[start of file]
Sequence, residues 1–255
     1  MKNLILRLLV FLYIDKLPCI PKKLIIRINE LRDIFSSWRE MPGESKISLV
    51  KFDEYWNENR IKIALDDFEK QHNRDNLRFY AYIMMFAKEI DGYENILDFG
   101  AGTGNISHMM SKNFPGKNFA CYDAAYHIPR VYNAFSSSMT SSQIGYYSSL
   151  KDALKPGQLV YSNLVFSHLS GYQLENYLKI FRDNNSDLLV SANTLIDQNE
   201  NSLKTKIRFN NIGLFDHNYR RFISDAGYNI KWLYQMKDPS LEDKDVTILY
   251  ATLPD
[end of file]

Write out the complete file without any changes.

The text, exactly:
Sequence, residues 1–255
     1  MKNLILRLLV FLYIDKLPCI PKKLIIRINE LRDIFSSWRE MPGESKISLV
    51  KFDEYWNENR IKIALDDFEK QHNRDNLRFY AYIMMFAKEI DGYENILDFG
   101  AGTGNISHMM SKNFPGKNFA CYDAAYHIPR VYNAFSSSMT SSQIGYYSSL
   151  KDALKPGQLV YSNLVFSHLS GYQLENYLKI FRDNNSDLLV SANTLIDQNE
   201  NSLKTKIRFN NIGLFDHNYR RFISDAGYNI KWLYQMKDPS LEDKDVTILY
   251  ATLPD